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Spanish Government aims to recentralise power by eliminating some Catalan institutions

The Spanish Executive has presented a 720-page report in which it proposes 120 measures “to eliminate duplications” and “improve the coordination” between government levels in order to “rationalise” and “increase the efficiency” of the public sector. However, the initiative proposes a true recentralisation of Spain, since almost all the measures point towards transferring powers and services back to the Spanish Government. The Catalan Executive and the non-Spanish-nationalist parties have announced a common front to stop “the pruning” of Catalonia’s self-government. Madrid’s document proposes the direct elimination of several institutions that are defined in the Catalan Statute of Autonomy, approved by citizens through a binding referendum. Furthermore, it cancels pending power devolutions, which had been planned for years but whose effective transfer has been constantly delayed.

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04 December 2013 02:22 PM

by

ACN

Barcelona (ACN).- The Spanish Executive has presented this week a 720-page report in which it proposes 120 measures “to eliminate duplications” and “improve the coordination” between government levels in order to “rationalise” and “increase the efficiency” of the public sector. Behind the apparently well-intentioned objectives, the initiative proposes a true recentralisation of Spain, since almost all the measures point towards transferring powers and services back to the Spanish Government. The document does not foresee eliminating bodies at Spanish level that have been existing for decades almost without powers; instead it proposes to recharge these bodies with powers. If the plan is finally implemented, it will be a hidden Constitutional reform. The Catalan Executive and the non-Spanish-nationalist parties have announced a common front to stop “the pruning” of Catalonia’s self-government. They will meet next Monday to discuss the strategy to adopt. On Wednesday, the Spanish Minister for the Economy, Luís de Guindos, denied that the plan was aiming to recentralise power and said that the reform only aims “to rationalise public services and resources”.


Madrid report’s justifies the recentralisation of bodies and management with the argument of saving money, although there are many examples around the world of decentralisation practices that improve efficiency. In addition, the plan explicitly goes against the current Constitutional framework and the principle of subsidiarity. In fact, the report includes the many laws and Statutes of Autonomy that would have to be changed.

The plan eliminates Catalan institutions

The Spanish Government’s document proposes the direct elimination of several institutions that are defined in the Catalan Statute of Autonomy, which is Catalonia’s main law and was approved by the Spanish Parliament and citizens through a binding referendum. For example, this is the case with the Catalan Public Audit Office and the Catalan Ombudsman, whose suppression had already been suggested by the Spanish Government in June when they presented a first draft of the report presented this December. Back then, the Catalan Ombudsman responded to the initiative by proving that his office was 14-times more efficient than that of its Spanish peer.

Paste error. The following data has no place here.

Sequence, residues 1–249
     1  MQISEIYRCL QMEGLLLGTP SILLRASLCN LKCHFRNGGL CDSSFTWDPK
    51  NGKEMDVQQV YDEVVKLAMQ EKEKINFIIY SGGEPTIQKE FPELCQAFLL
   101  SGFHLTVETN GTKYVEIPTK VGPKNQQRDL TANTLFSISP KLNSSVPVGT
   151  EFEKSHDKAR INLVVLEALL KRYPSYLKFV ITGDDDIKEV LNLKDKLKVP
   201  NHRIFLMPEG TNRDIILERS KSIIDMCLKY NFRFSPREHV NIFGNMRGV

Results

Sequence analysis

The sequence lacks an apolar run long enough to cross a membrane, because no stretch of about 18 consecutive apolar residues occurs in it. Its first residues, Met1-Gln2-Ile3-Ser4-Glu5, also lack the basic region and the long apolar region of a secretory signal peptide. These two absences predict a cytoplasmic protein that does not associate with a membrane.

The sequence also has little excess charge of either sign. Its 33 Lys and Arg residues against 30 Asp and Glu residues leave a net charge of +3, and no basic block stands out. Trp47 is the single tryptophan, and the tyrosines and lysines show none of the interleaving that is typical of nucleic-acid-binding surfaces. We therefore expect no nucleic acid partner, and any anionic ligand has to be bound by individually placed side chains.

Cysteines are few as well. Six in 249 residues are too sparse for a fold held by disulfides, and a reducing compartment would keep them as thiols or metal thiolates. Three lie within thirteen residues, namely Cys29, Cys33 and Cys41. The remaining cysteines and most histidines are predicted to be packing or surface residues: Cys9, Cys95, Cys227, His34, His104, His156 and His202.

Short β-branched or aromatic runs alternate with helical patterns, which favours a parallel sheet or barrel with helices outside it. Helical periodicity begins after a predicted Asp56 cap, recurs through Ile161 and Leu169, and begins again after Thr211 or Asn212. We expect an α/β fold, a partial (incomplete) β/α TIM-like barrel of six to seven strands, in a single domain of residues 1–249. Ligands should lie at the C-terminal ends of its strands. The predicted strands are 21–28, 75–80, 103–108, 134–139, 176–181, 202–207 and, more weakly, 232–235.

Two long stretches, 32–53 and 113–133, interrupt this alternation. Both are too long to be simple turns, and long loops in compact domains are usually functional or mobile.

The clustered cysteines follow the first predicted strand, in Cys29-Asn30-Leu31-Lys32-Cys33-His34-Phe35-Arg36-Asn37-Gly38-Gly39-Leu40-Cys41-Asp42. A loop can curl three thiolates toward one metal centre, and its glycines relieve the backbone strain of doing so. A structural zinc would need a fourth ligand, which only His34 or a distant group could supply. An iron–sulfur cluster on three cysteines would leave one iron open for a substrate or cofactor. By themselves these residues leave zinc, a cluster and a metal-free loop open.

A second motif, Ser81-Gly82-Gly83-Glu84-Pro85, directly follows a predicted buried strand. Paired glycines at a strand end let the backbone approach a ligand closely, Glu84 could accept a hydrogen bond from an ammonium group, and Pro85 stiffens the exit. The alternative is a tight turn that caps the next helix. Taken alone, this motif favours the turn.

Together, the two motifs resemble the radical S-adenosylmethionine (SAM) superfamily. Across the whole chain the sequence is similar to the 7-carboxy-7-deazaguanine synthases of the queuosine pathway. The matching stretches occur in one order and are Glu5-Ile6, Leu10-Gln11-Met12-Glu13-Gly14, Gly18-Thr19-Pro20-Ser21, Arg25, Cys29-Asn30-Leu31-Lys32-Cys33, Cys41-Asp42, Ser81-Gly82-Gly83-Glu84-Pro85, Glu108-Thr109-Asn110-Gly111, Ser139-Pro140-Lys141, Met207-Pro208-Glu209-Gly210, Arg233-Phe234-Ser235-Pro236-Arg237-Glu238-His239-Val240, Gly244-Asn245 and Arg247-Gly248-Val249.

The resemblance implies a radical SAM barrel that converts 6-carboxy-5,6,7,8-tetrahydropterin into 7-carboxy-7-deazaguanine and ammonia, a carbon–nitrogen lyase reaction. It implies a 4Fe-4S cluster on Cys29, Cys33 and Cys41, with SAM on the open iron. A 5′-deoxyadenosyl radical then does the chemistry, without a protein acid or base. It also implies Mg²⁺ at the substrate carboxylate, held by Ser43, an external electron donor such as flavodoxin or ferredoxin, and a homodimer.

Going against the Catalan Statute of Autonomy

Furthermore, Madrid’s initiative cancels pending power devolutions, which had been planned for years but whose effective transfer has been constantly delayed. This is the case for instance with school grants, which have been due to be transferred from the Spanish Ministry of Education to the Catalan Executive since 1996, but whose effective transfer has perpetually been delayed by the successive Spanish Governments. The report now proposes cancelling that pending transfer, despite the fact that it is included in the Catalan Statute of Autonomy approved in 2006 and reviewed by the Constitutional Court in 2010.

Centralising purchases

On top of this, the Spanish Government plan recommends that all the Catalan Executive’s purchases should be bought by a centralised body, which would offer the items to the Autonomous Communities on demand. This means that Catalan ministries, agencies, departments and public institutions such as hospitals and schools would have to buy their office materials such as paper and pens by placing an order with this newly-created Spanish agency, which would accept – or not – the order in an unclear time-frame and would send – or not – the materials with an unclear time-frame as well.

The main Catalan parties oppose the measure and will create a common front

The main Catalan parties see a clear political intention in the report, aiming to recentralise Spain and to take powers away from the Autonomous Communities and specifically from the Catalan Government. For this reason, on Tuesday the Vice President of the Catalan Executive, Joana Ortega, called for a meeting on Monday afternoon with the parties sitting in the Catalan Parliament. The only two that refused to attend were the two Spanish nationalist parties, which together hold 20% of the parliamentary seats: the People’s Party (PP) – running the Spanish Government – and anti-Catalan nationalist party Ciutadans (C’s).

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  • The Spanish Deputy Prime Minister (left) and the Minister for Finances and Public Sector (right) presenting the initiative's first public draft in June (by ACN)

  • The Spanish Deputy Prime Minister (left) and the Minister for Finances and Public Sector (right) presenting the initiative's first public draft in June (by ACN)